Lucy Ferriss


I've called this blog "Travelin' Thoughts" in the past, because I kept it mostly as a journal to record impressions of new places and cultures. But in a way, it's still a place for traveling thoughts--ideas that move through and past me, and out into the world. Some of these are literary, some just about life. It's a good place to open up the conversation, and I welcome your thoughts and comments.

Our Lady

April 28, 2019
The north bell, ringing.

Last week I found myself in a debate with my son and one of his friends over the billionaires’ contributions to the rebuilding of Notre-Dame de Paris, which barely escaped being consumed by fire on April 15. What were those greedy capitalists doing, they wanted to know, spending lavish sums of money on a hunk of stone when the planet was threatened by catastrophic climate change? When children were starving in Yemen and the Sudan?

            There are plenty of answers to these questions. The one I gave, to keep things simple, was that it wasn’t a zero-sum game. That if pockets were deep enough to fund the rebuilding of Notre Dame, they were likewise deep enough for those other causes. The day after the Notre Dame fire, in fact, contributions to the rebuilding of black churches in the southern United States that had also been lost to fire rose dramatically. We need bread, I pointed out, and we also need symbols.

            I lived, last fall, within view of Notre Dame. When visitors came, I told them to exit the RER at the Notre Dame stop and I would meet them at a bench on the Petit Pont. Twice I climbed the towers with visitors and took in the way Paris fans out from its zero-kilometer marker.

From the bell tower, the Eiffel Tower diminished in the distance.

But mostly my relationship with the cathedral came at night, when after a long day of complicated tasks, I settled my brain by walking onto the Pont de la Tournelle and gazing at the lighted back of the church over the dark water of the Seine.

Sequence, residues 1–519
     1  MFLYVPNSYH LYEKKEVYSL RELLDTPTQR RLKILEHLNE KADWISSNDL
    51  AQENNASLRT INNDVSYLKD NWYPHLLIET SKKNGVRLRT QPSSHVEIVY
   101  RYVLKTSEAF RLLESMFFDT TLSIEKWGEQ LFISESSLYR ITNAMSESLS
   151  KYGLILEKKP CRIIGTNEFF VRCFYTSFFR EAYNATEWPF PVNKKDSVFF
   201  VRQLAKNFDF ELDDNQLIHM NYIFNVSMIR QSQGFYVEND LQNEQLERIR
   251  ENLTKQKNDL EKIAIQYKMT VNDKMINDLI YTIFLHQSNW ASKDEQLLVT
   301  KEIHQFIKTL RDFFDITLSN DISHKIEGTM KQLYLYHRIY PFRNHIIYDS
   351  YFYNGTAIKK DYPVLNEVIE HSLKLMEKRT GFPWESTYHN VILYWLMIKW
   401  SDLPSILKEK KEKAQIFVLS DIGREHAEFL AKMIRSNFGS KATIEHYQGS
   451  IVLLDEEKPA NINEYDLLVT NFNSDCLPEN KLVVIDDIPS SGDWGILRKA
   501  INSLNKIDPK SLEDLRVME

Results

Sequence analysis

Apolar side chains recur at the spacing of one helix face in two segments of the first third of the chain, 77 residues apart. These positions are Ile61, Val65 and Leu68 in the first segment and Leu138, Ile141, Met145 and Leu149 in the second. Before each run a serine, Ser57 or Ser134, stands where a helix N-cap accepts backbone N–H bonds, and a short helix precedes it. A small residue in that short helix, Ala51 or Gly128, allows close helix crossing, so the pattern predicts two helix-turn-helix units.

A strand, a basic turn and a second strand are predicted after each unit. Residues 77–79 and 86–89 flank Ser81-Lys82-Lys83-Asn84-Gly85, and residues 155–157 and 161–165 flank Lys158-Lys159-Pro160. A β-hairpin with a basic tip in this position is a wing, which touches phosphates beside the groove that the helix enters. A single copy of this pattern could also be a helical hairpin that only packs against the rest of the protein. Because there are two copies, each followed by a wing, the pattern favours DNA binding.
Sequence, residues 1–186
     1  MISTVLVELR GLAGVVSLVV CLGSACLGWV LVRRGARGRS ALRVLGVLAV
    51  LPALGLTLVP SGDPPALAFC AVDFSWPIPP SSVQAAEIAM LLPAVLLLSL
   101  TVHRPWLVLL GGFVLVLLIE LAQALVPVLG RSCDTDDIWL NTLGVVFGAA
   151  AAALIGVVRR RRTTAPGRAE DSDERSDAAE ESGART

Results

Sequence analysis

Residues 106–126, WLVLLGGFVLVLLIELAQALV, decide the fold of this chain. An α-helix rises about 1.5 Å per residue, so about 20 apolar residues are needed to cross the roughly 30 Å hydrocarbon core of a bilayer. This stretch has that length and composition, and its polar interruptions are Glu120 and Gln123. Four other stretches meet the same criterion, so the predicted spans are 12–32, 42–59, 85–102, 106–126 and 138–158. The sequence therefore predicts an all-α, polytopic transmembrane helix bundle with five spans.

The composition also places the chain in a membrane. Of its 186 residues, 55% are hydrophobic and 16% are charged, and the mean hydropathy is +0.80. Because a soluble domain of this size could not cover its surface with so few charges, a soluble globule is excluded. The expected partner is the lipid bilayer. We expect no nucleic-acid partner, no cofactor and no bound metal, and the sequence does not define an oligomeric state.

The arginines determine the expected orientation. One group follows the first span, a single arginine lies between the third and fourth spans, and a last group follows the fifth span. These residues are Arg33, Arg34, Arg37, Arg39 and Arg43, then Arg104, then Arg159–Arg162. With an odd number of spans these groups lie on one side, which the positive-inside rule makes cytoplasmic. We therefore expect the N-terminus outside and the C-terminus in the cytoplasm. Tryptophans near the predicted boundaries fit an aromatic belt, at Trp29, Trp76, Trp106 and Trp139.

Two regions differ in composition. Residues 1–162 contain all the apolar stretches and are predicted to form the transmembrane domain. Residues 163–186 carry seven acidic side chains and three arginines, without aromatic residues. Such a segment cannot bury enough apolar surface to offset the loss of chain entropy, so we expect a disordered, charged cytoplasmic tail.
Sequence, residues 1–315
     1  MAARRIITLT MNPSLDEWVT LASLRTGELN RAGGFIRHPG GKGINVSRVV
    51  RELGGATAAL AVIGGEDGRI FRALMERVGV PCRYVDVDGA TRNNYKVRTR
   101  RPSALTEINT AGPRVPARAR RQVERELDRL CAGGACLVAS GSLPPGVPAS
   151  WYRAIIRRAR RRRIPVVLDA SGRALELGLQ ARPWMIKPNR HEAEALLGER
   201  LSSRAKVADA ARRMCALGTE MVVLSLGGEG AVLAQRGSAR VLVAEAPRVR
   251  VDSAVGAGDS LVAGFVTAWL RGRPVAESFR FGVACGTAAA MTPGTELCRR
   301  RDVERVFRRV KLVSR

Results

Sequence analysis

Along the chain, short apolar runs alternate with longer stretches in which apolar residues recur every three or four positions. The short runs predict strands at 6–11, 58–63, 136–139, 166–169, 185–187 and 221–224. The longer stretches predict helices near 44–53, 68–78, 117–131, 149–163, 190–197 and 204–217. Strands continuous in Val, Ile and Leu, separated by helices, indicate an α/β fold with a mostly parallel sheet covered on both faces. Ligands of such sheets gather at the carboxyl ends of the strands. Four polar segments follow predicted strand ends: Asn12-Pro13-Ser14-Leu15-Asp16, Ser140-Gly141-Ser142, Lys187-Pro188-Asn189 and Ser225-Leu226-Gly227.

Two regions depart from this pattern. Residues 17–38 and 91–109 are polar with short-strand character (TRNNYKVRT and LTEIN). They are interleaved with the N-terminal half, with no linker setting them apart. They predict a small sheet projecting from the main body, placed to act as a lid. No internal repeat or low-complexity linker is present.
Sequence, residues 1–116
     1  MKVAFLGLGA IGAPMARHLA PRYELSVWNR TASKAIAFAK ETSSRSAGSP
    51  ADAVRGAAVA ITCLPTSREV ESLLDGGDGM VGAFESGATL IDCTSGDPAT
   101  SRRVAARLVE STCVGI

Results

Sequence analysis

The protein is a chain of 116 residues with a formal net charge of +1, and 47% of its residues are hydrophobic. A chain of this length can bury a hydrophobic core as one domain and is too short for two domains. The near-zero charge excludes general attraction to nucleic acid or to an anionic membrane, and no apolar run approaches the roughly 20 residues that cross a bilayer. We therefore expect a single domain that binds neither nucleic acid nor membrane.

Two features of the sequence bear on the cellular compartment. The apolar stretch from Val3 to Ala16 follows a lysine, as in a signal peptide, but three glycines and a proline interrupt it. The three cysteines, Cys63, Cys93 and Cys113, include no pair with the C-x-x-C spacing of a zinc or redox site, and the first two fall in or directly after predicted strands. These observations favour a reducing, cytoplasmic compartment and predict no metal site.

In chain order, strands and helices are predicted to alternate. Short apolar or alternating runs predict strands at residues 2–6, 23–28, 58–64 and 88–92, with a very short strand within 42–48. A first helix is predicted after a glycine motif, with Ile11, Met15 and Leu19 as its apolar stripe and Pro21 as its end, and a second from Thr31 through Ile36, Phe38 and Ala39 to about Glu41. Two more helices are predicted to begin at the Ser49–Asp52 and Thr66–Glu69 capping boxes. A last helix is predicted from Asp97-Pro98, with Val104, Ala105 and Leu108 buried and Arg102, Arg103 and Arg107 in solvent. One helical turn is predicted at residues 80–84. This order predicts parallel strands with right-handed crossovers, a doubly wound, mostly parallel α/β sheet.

We endure, Notre Dame seemed to say to me. Heavy and light, baroque and overcrowded, damaged, stubborn, wrong in most ways, we groan at our knees as we lift ourselves up. Over centuries, we do this.

            It put things, shall we say, into perspective.

            One day, a year or so ago, I took my students into Notre Dame. I told them to find somewhere to sit, perhaps to move from place to place, but mostly to sit and observe. To feel what was happening between the people who came into this space, and the space itself. To write the stories they found. After, when we met at one of the cafés by the square, one student said, “This was the first time in Paris when I didn’t feel like a tourist.” Funny, I thought, since we were in one of the most touristed spots in the world, but that was what happened when you stopped straining to see the wonders of the cathedral and let it, instead, come to you.

            Glued to the live feed from Paris on April 15, barely able to breathe, I kept seeing flickers of orange in the north bell tower. The firefighters were reporting that they had perhaps an hour to save the cathedral. If the fire took the towers, game over. What would rise in the place of Notre Dame, what would speak to our time when 800 years of history had vanished in a day, no one could say.

There came that flicker of orange again, like a devil in the tower, teasing us, cackling at us. The pumps pulled from the Seine; the hoses rose. On the Pont de la Tournelle, citizens with whom I had stood on those warm autumn evenings raised their voices in Ave Maria. The devil poked his head out again, HaHaHa. The hoses strained, missed their mark.

La Dame du Coeur light show, October 2019

The black smoke of the “forest,” the 13th-century wood that held up the roof, roiled over the city as the timbers crashed. Please, I murmured. Please. Out came the orange devil-head again from the north tower arch, confident now, mocking us who believed in the creations of humankind. Then a hose lifted, high, higher. It socked the orange monster in the teeth. Socked it again. Out came the fire, whoosh came the water. Yes! I cried, jumping up from my chair in front of a computer thousands of miles from Our Lady of Paris. Yes.

            Civilization hasn’t been saved. I know that. The oceans will rise, the species will die. But for a moment, the element of life defeated the element of death. It wasn’t the first time for Notre Dame, and it won’t be the last. French author Julien Green wrote of the cathedral in 1940, when Parisians feared German attacks, “The panes in the great rose window on the north side had been removed, and in their place was a large piece of sheeting into which the wind plunged with a kind of muffled blast resembling cannon fire.” This time, miraculously, the rose window endured. Like our hearts, wounded, still beating, and – in the very, very long run of time – mortal.

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